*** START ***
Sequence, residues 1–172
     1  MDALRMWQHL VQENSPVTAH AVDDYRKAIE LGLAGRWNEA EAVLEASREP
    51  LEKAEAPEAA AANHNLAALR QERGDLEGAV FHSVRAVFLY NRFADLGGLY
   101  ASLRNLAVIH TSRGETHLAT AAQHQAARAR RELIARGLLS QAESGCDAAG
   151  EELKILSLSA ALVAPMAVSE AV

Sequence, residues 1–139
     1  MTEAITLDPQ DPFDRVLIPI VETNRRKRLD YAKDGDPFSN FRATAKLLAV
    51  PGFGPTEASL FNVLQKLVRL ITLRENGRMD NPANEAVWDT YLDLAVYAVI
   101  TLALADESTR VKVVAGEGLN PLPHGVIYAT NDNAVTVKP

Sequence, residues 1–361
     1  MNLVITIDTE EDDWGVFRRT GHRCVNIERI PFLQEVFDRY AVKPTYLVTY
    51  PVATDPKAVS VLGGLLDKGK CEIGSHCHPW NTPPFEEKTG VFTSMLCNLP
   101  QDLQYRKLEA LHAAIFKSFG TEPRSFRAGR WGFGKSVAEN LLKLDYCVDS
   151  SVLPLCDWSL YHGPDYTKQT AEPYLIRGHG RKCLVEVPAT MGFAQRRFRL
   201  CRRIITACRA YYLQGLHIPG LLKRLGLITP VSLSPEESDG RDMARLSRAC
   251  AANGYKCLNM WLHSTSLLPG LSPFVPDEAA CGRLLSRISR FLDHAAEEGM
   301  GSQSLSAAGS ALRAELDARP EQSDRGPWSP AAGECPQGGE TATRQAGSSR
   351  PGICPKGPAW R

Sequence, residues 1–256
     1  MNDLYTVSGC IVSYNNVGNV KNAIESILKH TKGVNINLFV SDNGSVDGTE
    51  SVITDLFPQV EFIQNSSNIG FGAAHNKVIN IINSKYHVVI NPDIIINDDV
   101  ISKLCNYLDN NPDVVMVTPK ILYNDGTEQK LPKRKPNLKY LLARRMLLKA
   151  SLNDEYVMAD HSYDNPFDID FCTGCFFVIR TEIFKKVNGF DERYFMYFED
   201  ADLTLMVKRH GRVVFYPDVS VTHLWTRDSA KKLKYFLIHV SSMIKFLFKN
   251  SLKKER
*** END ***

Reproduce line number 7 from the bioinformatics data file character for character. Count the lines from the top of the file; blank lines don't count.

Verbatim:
     1  MTEAITLDPQ DPFDRVLIPI VETNRRKRLD YAKDGDPFSN FRATAKLLAV